By Andy Cush, Billboard

“Less Than,” the first single from the upcoming ADD VIOLENCE EP and the last we heard from Nine Inch Nails, gave us the sound of Trent Reznor’s industrial rock institution doing what they do best: sleek sequenced synths, then explosive guitar noise; a tight and sleazy verse, then a big shouted chorus; a lot of tension, then just enough release. “This Isn’t the Place,” the followup single, is a slipperier composition, less “Head Like a Hole” than, say, “11 Ghosts II.”  It’s the kind of Nine Inch Nails song that offers mounting pressure that never seems to resolve, and it’s more powerful for withholding any sort of contrived catharsis.

Aside from some wordless moans, “This Isn’t the Place” waits a full two and a half minutes before introducing Reznor’s singing voice. If only because of this quasi-instrumental opening, it’s likely to remind you of Ghosts I-IV, NIN’s sprawling collection of wordless sketches from 2008, or of Reznor’s work with longtime collaborator Atticus Ross, providing shattered-glass sonics for films like The Social Network and The Girl With the Dragon Tattoo. These are the works on which Reznor fully embraced his role as tinkerer and sound designer, placing importance on the delicate interactions between a small collection of drones and eerie percussive sounds, rather than the power of bloodletting wails.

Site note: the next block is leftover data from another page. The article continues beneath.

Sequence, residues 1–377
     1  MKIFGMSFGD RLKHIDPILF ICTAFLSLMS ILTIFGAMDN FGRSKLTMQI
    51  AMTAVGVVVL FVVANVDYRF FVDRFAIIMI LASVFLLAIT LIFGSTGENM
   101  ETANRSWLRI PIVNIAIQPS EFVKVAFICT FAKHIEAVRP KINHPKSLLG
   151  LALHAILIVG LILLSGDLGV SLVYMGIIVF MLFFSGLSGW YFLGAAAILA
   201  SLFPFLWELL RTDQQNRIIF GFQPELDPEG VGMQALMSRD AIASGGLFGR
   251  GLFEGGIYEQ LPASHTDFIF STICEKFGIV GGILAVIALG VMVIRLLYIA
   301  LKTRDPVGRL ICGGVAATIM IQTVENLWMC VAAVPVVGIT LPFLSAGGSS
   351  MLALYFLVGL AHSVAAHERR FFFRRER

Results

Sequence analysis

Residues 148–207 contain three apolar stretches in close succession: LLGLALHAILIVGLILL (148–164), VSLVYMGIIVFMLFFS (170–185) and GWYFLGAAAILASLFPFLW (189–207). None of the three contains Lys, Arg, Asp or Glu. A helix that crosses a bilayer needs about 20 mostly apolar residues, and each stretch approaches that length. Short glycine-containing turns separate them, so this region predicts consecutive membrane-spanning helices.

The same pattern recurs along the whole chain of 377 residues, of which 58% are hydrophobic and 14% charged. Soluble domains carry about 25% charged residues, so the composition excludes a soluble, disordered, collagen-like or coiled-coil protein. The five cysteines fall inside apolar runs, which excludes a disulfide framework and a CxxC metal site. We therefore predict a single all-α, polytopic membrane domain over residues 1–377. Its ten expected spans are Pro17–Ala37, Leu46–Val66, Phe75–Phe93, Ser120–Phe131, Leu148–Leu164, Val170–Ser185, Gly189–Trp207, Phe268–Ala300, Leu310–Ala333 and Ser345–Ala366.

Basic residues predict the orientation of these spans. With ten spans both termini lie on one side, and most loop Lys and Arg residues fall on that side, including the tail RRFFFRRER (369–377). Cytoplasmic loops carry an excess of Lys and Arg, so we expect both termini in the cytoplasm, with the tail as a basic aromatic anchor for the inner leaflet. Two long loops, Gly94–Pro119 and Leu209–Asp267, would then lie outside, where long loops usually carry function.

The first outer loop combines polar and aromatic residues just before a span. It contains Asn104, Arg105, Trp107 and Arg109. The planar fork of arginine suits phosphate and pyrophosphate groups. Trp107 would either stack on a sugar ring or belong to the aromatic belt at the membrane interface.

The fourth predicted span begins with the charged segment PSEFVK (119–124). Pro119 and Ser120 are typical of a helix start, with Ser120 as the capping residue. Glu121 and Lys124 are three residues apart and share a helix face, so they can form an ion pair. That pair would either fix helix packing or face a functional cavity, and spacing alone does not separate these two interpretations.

“This Isn’t the Place,” too, is conspicuously minimal in its arrangement, with ping-ponging synth accents and a persistent pallor that made me wonder whether its title is a wry play on the utopian Talking Heads classic. When Reznor finally does start singing, it’s in a cracked and uncertain falsetto. He seems more interested in using his voice as just element in the atmosphere, rather than acting as rock’n’roll frontman. Over the course of the song, a swelling string ensemble creeps slowly out from the back of the mix, and for one thrilling moment, it threatens to overtake him completely. Then, the strings recede and dissolve. In short order, so does everything else.

This article originally appeared in Spin.